Monday, July 30, 2012

Oh, say, can you see?

Apparently, yes, you can: that star-spangled banner yet waves. Five out of six them, anyway, when it comes to the flags raised on the moon by the Apollo astronauts. That’s the news from the some of the most recent images from NASA’s Lunar Reconnaissance Orbiter Camera. (The flags themselves are not so easy to see, but their visible shadows tell the story.) The exception: Apollo 11. On his blog, LROC principal investigator Mark Robinson writes: “From the LROC images it is now certain that the American flags are still standing and casting shadows at all of the sites, except Apollo 11. Astronaut Buzz Aldrin reported that the flag was blown over by the exhaust from the ascent engine during liftoff of Apollo 11, and it looks like he was correct!” 

You can read more and find related images and video at Robinson’s blog, here.

Wednesday, July 25, 2012

Love me tender (a Lightship reading)

I’m looking forward to doing a reading of Lightship here in New York this Saturday, July 28, as part of Books Ahoy!, a celebration of children’s books sponsored by Pen Parentis. The event description: 
Presented by Pen Parentis, best known for our upscale evening Literary Salons at Gild Hall, a Thompson Hotel, and co-sponsored by HRP Mamas, Books Ahoy! will celebrate the works of various children's book authors, presenting them reading in an open-air, open house style festival on the deck of the 1933 lighthouse tender, The Lilac, moored on the Hudson River at Pier 25, accessible from N. Moore Street. Books will be vended by our favorite indie bookstore, Bluestockings Books, and all children dressed in nautical themes can have their faces painted - free - by a celebrated NYC artist. The Lilac will offer free tours that include visits to the engine room. There is even a wooden captain's wheel that kids are encouraged to spin. 
And don't worry if your kids age 3-10 can't sit still for more than a few minutes. Authors will be reading between 2pm and 5pm in constant rotation and if even that is too much for the little ones, the Lilac is moored off Pier 25 at North Moore Street in Tribeca and will not leave the shore. Kids accompanied by an adult guardian can board and disembark at will, sit and listen to an author read a story, work at the art table, get a (temporary) tattoo, then wander off to the adjacent playground or buy a round of mini-golf.
What’s going to be really great about this reading (for me, anyway) is that the Lilac actually used to service the Ambrose lightship. She even shows up in the book to drop off mail for the crew. Back in January, I was amazed to receive a note from a woman who recognized the Lilac in the book, thanks to the fact that her grandfather once captained her. (Completists can read that blog post here.)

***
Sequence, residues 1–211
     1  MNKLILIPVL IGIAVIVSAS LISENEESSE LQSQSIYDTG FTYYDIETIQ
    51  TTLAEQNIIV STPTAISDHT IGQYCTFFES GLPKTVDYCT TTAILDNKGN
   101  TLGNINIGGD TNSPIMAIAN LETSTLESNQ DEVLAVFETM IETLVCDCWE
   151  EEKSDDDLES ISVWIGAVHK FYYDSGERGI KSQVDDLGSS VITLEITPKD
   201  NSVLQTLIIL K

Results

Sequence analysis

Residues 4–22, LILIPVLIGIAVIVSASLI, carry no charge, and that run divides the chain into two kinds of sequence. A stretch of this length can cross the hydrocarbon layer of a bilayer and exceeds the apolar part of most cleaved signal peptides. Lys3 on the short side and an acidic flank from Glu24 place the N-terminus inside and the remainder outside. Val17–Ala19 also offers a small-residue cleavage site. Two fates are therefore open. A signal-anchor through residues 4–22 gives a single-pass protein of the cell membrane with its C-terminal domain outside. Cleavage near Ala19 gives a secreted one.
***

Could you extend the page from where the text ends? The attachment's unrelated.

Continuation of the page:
Also reading will be Melanie Hope-Greenberg, Adam Rubin, Yona McDonough, and Julia Sarcone-Roach. Our rough schedule is:

2:15-2:30  Melanie Hope-Greenberg
2:45-3:00  Adam Rubin
3:15-3:30 Yona McDonough
3:45-4:00 Brian Floca
4:15- 4:30 Julia Sarcone-Roach

The Lilac is berthed at Hudson River Park's Pier 25, located in Tribeca, at North Moore Street and West Street. The closest subway stations are the Franklin Street stop on the 1 or Canal Street on the A/C/E (exit at Walker Street). North Moore Street is one block north of Franklin Street, or a block south of Walker Street. Walk west on North Moore to the pier. Additional event details are here

I hope you’ll be able to make it!

Monday, July 23, 2012

Sally Ride

I’m surprised and saddened to read of the passing of astronaut Sally Ride. I dont guess I think of Sally Ride that often on a day-to-day basis, but two years ago (to the week) I was on a cross-country drive for the current project when an interview with Dr. Ride came on the radio, and I remember how impressed I was, learning a little more about her, and hearing what she has been up to, as I wound my way across Nevada. Over the course of the interview she talked about how inspired she was as a girl by the space race and the moon landings and Neil Armstrong. I loved how gender-neutral the appeal of those flights was for her and her young classmates, something I’ve been glad to see for myself in kids when talking about Moonshot during school visits. But Dr. Ride also talked in the interview about the trouble that begins in middle school when it comes to science and math education, for both boys and girls, but especially for girls, and her efforts on that front were impressive and inspiring, too. It would have been one part appreciation and one part self-promotion, but my intention was to send her a copy of Moonshot as soon as I got back home, something I never got around to doing. A rough idea of the date of that interview, plus the internet, makes it uncannily easy to find that conversation, though. It was on the Diane Rehm show (but with a guest host; I would have remembered Diane Rehm’s voice) and you can hear it online, here. It’s a worthwhile listen.  The Apollo bits come early, scattered through the first fifteen minutes. And children’s book types might be amused and heartened to hear Mrs. Frizzle get a nod. Sally Ride’s obituary at the Times, here, is well worth the read, too. At one point Billie Jean King urged her to drop out of college to pursue tennis professionally. Who knew? Rest in peace, Sally Ride.

Thursday, July 19, 2012

July 20 is almost here again

I was happy to spot this poster recently at an outstanding establishment in Michigan. 
Happy Moon Day to all, and to all a good night.